Reverse 5′-TCTTATGGCCCTTCTTGGTG-3′
IL-4Forward 5′-CATCGGCATTTTGAACGAG-3′
Reverse 5′-TGGAAGCCCTACAGACAAGC-3′
Interferon-γForward 5′-CTGCTGATGGGAGGAGATGT-3′
Reverse 5′-ATTTGTCATTCGGGTGTAGTCA-3′
IL-5Forward 5′-GGGCTTCCTGCTCCTATCTAA-3′
Reverse 5′-CAACCTTCTCTCTCCCCAAG-3′
IL-13Forward 5′-GAGGAGGGTTGAGGAGGAAG-3′
Reverse 5′-TTTCTGTAGGGATGGGATGG-3′
IL-17Forward 5′-CGGCTGACCCCTAAGAAAC-3′
Reverse 5′-CAGAAAAACAAACACGAAGCAG-3′
Forkhead box P3Forward 5′-CCAGTGCCCATCCAATAAAC-3′
Reverse 5′-GTATCCGCTTTCTCCTGCTG-3′
IL-10Forward 5′-GGACAACATACTGCTAACCGACT-3′
Reverse 5′-TGGGGCATCACTTCTACCA-3′

[i] IL, interleukin.

Statistical analysis

Statistical comparisons of symptoms scores were performed using one-way analysis of variance followed by the Student-Newman-Keuls post hoc test, and RT-qPCR data were analyzed using the Kruskal-Wallis test followed by pairwise multiple comparisons. PASW Statistics 19.0 (IBM Corp., Armonk, NY, USA) was used to perform all analyzes and P<0.05 was considered to indicate a statistically significant difference. The data are presented as means ± standard deviations.

Results

Animal model of AR evaluated by symptom scores

The number of sneezes, nasal itching and rhinorrhea were observed in order to calculate the symptom scores of the allergic mouse models (Fig. 2). A successful mouse model of AR was determined by symptom scores >5. By week 14, 27 of the 30 OVA-sensitized mice in the model group had symptom scores >5. The average score was significantly higher in the allergen-challenged model group than those in the non-allergic control group prior to IB treatment (7.72±1.03 vs. 1.93±0.35; P<0.05).

Attenuation of allergic symptoms of AR using anticholinergic drug IB

The symptom scores decreased significantly to 5.89±1.05 and 4.44±0.72 in the allergic mice of group D and E, respectively following IB treatment when compared with group C (7.63±0.92; P<0.05). The symptom scores of allergic mice in group D were higher than those of group E following IB treatment, indicating that IB pre-treatment may reduce the symptom scores in a time-dependent manner (Fig. 2).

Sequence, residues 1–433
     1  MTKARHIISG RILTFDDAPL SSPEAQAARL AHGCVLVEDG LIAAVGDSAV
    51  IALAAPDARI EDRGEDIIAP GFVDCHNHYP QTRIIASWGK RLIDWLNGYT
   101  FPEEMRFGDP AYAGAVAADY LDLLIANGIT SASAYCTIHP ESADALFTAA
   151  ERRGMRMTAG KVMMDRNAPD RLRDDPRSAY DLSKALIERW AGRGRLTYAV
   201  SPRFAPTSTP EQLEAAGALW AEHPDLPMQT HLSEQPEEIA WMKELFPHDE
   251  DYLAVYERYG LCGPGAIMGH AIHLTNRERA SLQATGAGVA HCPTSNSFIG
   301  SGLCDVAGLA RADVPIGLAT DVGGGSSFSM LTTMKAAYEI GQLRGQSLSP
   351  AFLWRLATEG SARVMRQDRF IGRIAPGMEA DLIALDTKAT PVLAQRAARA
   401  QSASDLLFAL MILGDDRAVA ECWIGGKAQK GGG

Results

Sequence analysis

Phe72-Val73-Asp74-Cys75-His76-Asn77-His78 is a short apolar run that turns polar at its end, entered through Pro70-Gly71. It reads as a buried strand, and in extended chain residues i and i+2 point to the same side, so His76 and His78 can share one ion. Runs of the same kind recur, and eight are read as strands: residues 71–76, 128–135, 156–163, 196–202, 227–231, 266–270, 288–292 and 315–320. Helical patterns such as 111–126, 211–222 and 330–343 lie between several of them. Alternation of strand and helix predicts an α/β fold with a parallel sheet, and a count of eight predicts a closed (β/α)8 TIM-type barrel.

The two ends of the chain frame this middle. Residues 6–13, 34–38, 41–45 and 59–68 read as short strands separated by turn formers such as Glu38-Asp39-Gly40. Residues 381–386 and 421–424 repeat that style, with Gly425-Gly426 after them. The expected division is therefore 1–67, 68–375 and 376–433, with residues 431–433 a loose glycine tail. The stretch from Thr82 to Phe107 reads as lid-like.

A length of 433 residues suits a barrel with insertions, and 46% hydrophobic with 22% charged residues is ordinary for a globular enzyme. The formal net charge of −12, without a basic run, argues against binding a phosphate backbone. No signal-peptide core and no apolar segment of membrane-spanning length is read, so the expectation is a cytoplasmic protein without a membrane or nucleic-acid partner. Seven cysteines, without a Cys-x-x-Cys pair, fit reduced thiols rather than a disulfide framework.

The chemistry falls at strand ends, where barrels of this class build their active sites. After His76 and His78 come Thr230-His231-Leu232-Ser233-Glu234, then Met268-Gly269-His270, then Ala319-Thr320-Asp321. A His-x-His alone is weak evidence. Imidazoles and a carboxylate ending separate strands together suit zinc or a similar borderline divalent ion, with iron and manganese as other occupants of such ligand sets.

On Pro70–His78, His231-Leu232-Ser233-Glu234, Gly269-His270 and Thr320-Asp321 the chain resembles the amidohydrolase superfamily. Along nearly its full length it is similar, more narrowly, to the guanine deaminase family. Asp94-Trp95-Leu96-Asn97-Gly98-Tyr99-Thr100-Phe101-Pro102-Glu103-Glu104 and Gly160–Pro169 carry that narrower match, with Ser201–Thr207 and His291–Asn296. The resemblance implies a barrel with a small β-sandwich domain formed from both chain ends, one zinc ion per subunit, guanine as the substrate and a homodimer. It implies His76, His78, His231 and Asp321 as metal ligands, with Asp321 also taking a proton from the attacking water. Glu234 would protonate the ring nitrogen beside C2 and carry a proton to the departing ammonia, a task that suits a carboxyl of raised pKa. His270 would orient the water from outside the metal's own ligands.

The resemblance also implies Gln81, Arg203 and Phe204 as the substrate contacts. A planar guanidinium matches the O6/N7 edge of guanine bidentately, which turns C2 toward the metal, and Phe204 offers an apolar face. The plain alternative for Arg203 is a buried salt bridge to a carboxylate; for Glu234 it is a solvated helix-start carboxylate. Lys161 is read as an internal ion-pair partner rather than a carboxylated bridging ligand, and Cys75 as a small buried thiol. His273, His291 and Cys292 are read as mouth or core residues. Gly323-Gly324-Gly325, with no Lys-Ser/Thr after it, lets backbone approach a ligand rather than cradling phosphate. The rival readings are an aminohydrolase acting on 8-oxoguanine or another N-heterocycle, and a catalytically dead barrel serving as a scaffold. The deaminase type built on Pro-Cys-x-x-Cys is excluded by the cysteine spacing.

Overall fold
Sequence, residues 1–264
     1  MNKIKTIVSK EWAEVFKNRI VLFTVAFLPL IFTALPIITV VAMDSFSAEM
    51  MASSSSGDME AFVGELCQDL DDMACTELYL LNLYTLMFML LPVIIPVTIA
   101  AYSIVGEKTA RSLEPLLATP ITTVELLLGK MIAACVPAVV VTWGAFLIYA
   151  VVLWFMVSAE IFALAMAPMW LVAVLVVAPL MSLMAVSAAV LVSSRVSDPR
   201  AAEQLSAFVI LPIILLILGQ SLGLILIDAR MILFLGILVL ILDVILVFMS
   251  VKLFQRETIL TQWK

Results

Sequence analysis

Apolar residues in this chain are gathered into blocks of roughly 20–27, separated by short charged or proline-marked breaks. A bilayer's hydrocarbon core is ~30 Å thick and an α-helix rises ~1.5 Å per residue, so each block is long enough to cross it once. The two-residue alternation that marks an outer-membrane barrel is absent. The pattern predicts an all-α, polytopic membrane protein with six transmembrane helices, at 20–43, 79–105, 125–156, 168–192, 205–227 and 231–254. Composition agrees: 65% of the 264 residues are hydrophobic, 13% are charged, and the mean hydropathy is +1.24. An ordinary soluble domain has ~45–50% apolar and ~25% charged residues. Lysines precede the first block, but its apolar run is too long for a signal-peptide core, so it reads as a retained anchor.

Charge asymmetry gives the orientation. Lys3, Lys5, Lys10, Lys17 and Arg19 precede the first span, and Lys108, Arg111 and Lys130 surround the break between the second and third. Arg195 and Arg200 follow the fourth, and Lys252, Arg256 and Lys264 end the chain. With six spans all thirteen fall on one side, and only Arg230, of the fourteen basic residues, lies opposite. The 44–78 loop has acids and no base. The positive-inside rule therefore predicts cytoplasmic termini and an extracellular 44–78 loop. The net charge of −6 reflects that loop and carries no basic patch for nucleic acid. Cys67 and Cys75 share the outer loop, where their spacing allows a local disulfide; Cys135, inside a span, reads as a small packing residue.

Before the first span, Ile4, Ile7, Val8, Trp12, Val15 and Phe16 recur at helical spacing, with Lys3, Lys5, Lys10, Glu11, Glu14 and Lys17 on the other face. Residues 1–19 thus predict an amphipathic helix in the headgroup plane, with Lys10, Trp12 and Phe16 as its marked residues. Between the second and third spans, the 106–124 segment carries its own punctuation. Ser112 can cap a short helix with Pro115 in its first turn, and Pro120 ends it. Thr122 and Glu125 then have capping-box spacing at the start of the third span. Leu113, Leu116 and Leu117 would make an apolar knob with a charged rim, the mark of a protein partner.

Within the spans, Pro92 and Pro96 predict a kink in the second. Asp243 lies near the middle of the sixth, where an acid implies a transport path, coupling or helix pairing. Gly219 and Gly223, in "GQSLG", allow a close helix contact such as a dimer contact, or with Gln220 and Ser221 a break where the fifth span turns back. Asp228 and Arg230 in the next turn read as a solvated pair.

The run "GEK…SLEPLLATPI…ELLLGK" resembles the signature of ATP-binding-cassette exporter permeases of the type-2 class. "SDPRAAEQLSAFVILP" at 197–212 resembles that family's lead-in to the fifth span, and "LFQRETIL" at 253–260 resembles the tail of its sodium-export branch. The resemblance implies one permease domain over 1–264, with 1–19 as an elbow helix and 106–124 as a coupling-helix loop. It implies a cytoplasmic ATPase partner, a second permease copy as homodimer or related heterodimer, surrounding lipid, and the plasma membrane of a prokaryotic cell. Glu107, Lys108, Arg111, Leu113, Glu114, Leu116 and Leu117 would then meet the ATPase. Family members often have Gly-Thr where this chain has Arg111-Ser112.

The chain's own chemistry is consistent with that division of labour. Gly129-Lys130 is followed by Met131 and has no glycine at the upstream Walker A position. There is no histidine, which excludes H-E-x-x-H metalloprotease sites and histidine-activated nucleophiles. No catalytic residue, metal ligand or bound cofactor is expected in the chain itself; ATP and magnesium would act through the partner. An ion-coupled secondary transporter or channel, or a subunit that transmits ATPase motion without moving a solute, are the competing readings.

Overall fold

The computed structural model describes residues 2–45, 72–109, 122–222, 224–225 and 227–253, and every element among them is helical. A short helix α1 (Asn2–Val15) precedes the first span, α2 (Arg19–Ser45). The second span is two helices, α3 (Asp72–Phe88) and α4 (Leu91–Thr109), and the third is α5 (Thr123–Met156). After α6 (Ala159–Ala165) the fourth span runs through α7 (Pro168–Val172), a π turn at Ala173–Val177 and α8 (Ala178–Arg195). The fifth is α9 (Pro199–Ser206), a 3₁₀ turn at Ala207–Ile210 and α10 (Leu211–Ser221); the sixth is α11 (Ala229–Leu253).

DEGs in nasal mucosa following IB treatment

Compared with group C, 92 transcripts were identified to be differentially expressed in the nasal mucosa of allergic mice in group D, and 92, 143, and 160 transcripts in group A, B, and E, respectively. Of which 81, 112, 67 and 116 transcripts were upregulated, whereas 11, 31, 25 and 44 transcripts were downregulated in the group A, B, D and E, respectively (data not shown). The transcripts of the different groups overlap and the Venn diagram for mRNA demonstrates the similarity in their responses to IB treatment among the different groups (Fig. 3A). Notably, 207 mRNAs were differentially expressed in the nasal mucosa of the allergic mice that received IB treatment compared with the NS sham-treatment (data not shown).

Compared with group C, various allergic-associated genes changed their expression response to IB, which was validated by RT-qPCR. IB treatment induced significant 23- and 30-fold decreases in interleukin (IL)-4 receptor-α (IL-4Rα) mRNA expression levels in groups D and E, respectively. Furthermore, 30- and 100-fold decreases in prostaglandin D2 synthase (PGDS) were observed in groups D and E, respectively. Additionally, leukemia inhibitory factor (LIF), tumor necrosis factor α-induced protein 3/A20 and nuclear receptor subfamily 4, group A, member 1 (NR4A1) in group D exhibited significant 14-, 5- and 74-fold increases in mRNA expression, respectively, and a 53-, 3- and 290-fold increase in group E, respectively. The expression levels of IL-4Rα and PGDS exhibited a decreasing tendency, whereas LIF and NR4A1 demonstrated a tendency to increase following IB treatment (Fig. 4 and Table II).

Table II.

Fold change of differentially expressed genes in the nasal mucosa of allergic mice post-treatment with ipratropium bromide.

Table II.

Fold change of differentially expressed genes in the nasal mucosa of allergic mice post-treatment with ipratropium bromide.

Expression level (RPKMa)log2 (Fold change)a


Gene descriptionABCDEA/CB/CD/CE/C
Interleukin 4 receptor-α66.0862.7664.8737.3728.080−0.03−0.9−1.34
Prostaglandin D2 synthase112.15161.23101.9162.5134.470.010.47−0.66−1.69
Leukemia inhibitory factor10.4210.2810.1618.0526.86−0.1−0.180.731.27
Tumor necrosis factor α-induced protein 339.3549.7435.4762.6197.080.020.290.721.32
Nuclear receptor subfamily 4, group A, member 115.6216.0922.3825.3851.83−0.65−0.670.081.08

a Fold change, RPKM of group D (or E or A or B)/RPKM of group C. RPKM, reads per kilo-base of exon model per million mapped reads (reflection of gene relative expression level).

Interaction network analysis for DEGs following IB treatment